I sent a message similar to this essay to Robyn Dixon, author of an article on Russian science and vaccine development in the Washington Post yesterday, February 9. 2021. The Dixon article cited scientist and journalist, Irina Yakutenko, saying that “you should do everything according to the protocols. It takes a long, long time. It takes a lot of money”. That has been true for U.S. policies that have required ten years to release new vaccines*. But the “miraculous” speed of vaccine development in 2020 tells us that those medical policies are grievously outdated and need to change. I copied this message to Senators Tim Kaine and Mark Warner, encouraging them to explore reforms with Senate colleagues and NIH Director Francis Collins. Republicans would likely agree about the importance of reform.
The length of time needed for vaccine development is due to the extreme rigor of U.S requirements for them and other critical cures. This in turn is attributable to concern to minimize adverse effects. The positive potential of a new vaccine can be confirmed in a dozen cases, but to rule out 1:1000 adverse effects may require years and trials with 6000 persons. The FDA operates in the world’s most litigious nation and is risk-averse. We saw what happened in 2020 when excess cautions were swept aside because of the emergency created by the coronavirus. The speed of the approval was startling for our system, but other nations produced vaccines in the same time frame. Sixty-three coronavirus vaccines have been reported in clinical development. Because of the U.S.’s overwhelming dominance in research funding and the rigor and reputation of the National Institute of Health, the sponsor of federally supported trials, our protocols are widely adopted in Germany and other EU nations.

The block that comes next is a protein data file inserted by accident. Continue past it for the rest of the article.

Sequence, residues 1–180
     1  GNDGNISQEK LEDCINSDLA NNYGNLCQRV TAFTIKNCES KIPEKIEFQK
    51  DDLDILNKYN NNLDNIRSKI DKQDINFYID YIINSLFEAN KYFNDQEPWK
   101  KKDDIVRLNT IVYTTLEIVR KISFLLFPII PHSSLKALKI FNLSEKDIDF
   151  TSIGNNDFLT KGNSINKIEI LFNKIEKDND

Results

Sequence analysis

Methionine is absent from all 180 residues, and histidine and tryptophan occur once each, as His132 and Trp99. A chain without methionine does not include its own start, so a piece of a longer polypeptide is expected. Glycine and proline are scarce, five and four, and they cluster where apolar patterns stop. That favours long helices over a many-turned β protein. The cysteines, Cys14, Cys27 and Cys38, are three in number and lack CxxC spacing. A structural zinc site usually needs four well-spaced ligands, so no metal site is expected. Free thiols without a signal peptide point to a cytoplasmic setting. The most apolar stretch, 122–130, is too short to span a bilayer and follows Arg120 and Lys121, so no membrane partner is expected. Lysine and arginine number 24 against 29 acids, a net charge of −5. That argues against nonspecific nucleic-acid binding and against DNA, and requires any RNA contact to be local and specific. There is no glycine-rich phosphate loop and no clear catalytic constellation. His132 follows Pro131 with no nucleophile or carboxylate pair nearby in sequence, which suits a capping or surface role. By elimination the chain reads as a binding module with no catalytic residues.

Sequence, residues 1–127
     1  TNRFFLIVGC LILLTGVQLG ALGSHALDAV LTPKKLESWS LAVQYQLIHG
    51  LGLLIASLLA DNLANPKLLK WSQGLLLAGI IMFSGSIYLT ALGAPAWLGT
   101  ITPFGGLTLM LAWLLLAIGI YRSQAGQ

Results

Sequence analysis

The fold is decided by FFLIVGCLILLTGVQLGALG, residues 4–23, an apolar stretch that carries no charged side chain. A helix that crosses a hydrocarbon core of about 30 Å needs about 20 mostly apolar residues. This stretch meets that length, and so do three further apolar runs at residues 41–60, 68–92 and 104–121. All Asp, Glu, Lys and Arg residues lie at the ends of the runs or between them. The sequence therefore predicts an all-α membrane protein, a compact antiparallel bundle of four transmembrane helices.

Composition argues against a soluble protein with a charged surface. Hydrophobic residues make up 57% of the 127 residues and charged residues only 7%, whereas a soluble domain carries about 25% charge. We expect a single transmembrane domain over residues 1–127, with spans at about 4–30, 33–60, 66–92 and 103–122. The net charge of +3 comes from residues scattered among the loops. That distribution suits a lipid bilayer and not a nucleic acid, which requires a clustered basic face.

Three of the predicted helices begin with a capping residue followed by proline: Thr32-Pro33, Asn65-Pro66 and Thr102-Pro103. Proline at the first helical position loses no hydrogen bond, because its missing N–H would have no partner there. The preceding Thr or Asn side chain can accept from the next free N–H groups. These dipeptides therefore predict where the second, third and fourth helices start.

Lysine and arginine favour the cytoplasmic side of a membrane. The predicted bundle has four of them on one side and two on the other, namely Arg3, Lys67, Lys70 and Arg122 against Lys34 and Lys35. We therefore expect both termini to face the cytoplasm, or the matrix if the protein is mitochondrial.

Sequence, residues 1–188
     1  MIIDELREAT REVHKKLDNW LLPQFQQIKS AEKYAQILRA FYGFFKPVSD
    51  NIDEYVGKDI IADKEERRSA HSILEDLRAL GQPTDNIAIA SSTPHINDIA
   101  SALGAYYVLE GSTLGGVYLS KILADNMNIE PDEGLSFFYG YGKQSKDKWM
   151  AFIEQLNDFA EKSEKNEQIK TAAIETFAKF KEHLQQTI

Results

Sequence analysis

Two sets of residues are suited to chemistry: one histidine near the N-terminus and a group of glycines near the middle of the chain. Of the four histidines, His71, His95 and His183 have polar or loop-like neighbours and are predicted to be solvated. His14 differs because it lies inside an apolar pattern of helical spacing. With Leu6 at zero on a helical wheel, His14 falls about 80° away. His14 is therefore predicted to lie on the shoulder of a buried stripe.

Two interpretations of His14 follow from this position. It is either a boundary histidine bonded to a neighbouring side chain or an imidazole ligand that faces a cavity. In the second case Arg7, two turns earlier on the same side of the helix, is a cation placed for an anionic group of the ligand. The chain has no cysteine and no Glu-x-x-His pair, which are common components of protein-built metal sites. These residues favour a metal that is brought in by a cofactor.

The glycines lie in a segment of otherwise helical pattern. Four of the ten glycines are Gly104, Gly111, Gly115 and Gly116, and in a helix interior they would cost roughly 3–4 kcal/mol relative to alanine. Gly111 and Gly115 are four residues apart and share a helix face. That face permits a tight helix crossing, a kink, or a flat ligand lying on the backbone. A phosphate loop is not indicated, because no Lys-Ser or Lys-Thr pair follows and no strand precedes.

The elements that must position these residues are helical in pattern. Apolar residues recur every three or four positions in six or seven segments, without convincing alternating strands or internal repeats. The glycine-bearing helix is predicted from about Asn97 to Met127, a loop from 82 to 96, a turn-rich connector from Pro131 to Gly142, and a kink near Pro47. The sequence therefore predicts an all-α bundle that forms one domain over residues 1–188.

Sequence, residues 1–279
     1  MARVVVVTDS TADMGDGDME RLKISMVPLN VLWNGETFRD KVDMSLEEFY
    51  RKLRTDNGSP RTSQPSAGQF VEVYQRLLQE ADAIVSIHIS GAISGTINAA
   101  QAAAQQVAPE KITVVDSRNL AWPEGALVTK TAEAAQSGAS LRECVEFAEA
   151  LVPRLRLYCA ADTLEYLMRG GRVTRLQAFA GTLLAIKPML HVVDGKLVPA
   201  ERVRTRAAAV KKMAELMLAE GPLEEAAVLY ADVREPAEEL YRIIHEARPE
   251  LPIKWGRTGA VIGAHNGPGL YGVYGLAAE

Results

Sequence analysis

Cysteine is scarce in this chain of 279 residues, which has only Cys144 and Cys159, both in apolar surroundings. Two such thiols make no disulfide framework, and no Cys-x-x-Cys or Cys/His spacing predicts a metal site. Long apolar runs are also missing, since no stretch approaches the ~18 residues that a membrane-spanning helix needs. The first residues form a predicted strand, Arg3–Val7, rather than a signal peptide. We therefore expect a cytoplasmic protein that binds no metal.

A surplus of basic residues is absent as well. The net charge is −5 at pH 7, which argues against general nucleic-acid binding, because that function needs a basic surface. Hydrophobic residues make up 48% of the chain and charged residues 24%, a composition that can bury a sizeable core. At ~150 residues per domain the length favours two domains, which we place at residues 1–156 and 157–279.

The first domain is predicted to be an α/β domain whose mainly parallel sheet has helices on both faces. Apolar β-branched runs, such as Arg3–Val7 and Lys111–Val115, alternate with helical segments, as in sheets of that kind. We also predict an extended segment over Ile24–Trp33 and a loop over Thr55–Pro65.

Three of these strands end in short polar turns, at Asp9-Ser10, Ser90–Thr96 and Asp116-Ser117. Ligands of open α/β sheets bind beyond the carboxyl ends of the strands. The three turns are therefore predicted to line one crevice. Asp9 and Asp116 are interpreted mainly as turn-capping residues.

A new vaccine can cost $500 million to $2 billion. This leads to exorbitant treatment costs and a lack of attention to rarer diseases that could be cured. An example is my wife, Lucy, who has a rare “SCA 8” ataxia that could be readily cured by gene editing – but it can’t get attention.
A sleeper factor also holds back treatment in America. The Washington Post article mentions scientific publication as being desirable for Russian medical development. To the extent that they report new knowledge and advances, scientific publications play critical roles. But the U.S. suffers from a flood of excess clinical publications. Reports offer many promising new treatments “for the future” while there is a dearth of new treatment opportunities today. The reason is that it is more advantageous for medical researchers to apply for research funding and get their names in print or in the news for promising developments than to take the risks of moving to formal treatment. The latter receives little public recognition while it incurs major risks for lawsuits over new procedures. Risk adverseness operates on clinics as well as clinicians.
In 2016 I became personally familiar with a pioneering Austrian heart surgeon who saved the life of an American composer who had a heart attack while attending a concert in Vienna. Dr. Werner Mohl** developed a procedure for restoring heart tissue damaged in heart attacks. The American would probably have died in the U.S. because the procedure would not have been authorized until clinical trials proved its efficacy.
*Vaccines, 5th Ed., Philadelphia, Saunders 2008.